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Managing the side effects of contraception

02 June 2021
Volume 32 · Issue 6


Side effects are the most common reason for the discontinuation of contraceptive methods. Dr Katie Boog summarises the available evidence on how to manage them

Although often transient, side effects are the most common reason for individuals to discontinue contraception. The evidence to prove causality is limited, as is evidence-based guidance on how to manage these side effects. This article summarises the available evidence. For individuals who have new or worsening acne on progestogen-only contraception (POC), switching to combined hormonal contraception (CHC) is likely to improve their skin. Continuous or extended CHC use may be beneficial for individuals with premenstrual mood change, and for those who experience headaches in the hormone-free interval. Unpredictable bleeding patterns on POC are common. Injectable users can try reducing the interval between injections to 10 weeks. Implant, injectable or intrauterine system users can be offered a 3-month trial of a combined oral contraceptive pill (COC). CHC and POP users with unpredictable bleeding may benefit from switching to an alternative preparation.

Side effects of contraception are usually transient, resolving within 3–5 months of use (Grossman Barr, 2010). However, while most individuals will find that any adverse effects resolve or lessen to the point of acceptability, side effects are the most common reason for individuals to discontinue a method of contraception (Grossman Barr, 2010).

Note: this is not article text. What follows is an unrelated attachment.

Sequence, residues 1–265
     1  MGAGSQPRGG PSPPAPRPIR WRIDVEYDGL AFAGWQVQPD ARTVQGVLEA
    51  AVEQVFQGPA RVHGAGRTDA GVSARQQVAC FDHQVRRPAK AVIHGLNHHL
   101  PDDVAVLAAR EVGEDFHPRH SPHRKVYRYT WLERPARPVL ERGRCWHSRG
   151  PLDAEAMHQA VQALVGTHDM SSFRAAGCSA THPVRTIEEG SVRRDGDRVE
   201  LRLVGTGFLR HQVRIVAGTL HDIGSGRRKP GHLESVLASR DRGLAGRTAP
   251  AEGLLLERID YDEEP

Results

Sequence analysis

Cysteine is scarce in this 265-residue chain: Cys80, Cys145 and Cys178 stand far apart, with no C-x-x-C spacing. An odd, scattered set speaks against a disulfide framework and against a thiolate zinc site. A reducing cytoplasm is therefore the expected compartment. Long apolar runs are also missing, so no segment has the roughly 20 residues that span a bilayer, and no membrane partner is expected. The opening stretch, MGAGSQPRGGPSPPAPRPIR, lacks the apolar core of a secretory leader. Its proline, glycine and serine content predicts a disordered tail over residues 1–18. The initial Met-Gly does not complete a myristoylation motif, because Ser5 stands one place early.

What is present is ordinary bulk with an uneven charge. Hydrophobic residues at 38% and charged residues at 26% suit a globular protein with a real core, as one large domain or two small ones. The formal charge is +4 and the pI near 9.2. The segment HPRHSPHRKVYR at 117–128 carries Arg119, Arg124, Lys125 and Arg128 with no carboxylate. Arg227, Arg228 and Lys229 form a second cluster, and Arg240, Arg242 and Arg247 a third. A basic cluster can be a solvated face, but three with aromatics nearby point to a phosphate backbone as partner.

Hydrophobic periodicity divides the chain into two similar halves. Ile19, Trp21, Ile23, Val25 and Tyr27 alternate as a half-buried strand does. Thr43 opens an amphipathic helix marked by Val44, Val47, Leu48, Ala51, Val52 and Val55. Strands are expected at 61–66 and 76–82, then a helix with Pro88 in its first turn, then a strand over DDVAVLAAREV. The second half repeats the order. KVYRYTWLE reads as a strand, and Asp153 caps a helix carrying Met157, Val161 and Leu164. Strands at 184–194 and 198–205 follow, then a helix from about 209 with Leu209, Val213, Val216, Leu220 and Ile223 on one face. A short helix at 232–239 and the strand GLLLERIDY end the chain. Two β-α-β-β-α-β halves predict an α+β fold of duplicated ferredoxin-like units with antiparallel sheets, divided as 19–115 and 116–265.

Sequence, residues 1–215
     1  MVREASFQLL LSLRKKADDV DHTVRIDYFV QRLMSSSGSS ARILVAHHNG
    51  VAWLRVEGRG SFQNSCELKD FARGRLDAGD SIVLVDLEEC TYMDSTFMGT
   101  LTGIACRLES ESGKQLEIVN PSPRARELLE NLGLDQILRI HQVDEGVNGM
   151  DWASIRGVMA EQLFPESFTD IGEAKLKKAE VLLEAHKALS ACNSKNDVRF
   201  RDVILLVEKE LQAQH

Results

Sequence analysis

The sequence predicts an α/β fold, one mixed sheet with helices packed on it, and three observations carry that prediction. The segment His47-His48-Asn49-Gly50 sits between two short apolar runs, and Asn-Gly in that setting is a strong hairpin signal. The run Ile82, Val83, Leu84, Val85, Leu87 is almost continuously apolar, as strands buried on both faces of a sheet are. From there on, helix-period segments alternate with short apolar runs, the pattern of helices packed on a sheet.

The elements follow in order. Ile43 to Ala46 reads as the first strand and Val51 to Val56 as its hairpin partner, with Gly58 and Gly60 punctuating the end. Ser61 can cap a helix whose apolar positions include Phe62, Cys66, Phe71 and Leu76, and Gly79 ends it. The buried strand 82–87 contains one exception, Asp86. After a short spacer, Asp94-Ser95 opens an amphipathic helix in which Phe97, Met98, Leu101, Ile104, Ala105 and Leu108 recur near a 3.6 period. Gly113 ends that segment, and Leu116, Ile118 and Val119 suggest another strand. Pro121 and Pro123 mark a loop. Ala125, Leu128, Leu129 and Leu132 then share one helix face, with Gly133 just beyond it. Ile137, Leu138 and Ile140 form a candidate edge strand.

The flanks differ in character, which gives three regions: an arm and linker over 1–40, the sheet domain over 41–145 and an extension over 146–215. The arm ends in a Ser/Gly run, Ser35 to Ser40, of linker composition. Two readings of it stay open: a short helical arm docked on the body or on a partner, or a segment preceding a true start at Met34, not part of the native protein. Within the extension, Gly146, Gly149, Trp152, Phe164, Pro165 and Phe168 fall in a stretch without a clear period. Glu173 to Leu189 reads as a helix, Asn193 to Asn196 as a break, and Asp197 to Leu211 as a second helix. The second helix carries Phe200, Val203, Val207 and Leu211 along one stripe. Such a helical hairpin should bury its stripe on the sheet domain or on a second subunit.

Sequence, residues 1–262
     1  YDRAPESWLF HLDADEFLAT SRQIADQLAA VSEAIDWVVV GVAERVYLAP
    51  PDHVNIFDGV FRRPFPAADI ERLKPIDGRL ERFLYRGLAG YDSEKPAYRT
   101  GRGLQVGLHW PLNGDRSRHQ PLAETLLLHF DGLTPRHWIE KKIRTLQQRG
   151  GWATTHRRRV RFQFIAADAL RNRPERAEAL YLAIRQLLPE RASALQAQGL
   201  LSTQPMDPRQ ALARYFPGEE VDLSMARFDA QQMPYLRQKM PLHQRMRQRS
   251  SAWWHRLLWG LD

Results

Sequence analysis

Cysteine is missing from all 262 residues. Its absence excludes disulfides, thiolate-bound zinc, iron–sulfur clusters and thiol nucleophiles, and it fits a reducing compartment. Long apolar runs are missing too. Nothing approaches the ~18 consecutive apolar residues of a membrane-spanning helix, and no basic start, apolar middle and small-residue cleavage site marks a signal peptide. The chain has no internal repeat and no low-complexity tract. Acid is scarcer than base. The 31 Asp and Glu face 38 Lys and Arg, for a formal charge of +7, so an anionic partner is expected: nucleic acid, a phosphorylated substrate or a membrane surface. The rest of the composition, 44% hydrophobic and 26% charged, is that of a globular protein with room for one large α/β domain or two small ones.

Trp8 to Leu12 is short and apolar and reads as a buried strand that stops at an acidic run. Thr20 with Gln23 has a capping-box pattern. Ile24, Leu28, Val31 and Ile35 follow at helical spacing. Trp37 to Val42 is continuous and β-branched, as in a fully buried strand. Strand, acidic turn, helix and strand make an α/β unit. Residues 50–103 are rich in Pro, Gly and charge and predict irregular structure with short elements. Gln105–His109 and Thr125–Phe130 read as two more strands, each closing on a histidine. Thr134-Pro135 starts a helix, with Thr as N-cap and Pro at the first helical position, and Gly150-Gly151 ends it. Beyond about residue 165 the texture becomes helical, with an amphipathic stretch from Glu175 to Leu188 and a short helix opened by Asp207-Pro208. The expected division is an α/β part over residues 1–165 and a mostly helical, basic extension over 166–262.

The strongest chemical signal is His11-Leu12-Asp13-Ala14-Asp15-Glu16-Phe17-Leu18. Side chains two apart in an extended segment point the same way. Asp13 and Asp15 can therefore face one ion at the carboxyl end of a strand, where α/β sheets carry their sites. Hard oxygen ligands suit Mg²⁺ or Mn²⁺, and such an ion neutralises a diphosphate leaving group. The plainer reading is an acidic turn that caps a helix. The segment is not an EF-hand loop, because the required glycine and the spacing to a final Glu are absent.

Side effects can range in severity between individuals and can have different impacts on quality of life, depending on that individual's own circumstances. While one individual may find unpredictable bleeding entirely unacceptable because of their job or lifestyle, another may be happy with this bleeding pattern as it is preferable to their natural, heavy periods. Therefore, it is important to discuss the expected contraceptive side effects, so that users have realistic expectations and can make an informed decision about the most appropriate method of contraception for them. Patient education should be informative but concise, as intensive prolonged counselling has not been shown to improve rates of continuation (Modesto et al, 2014).

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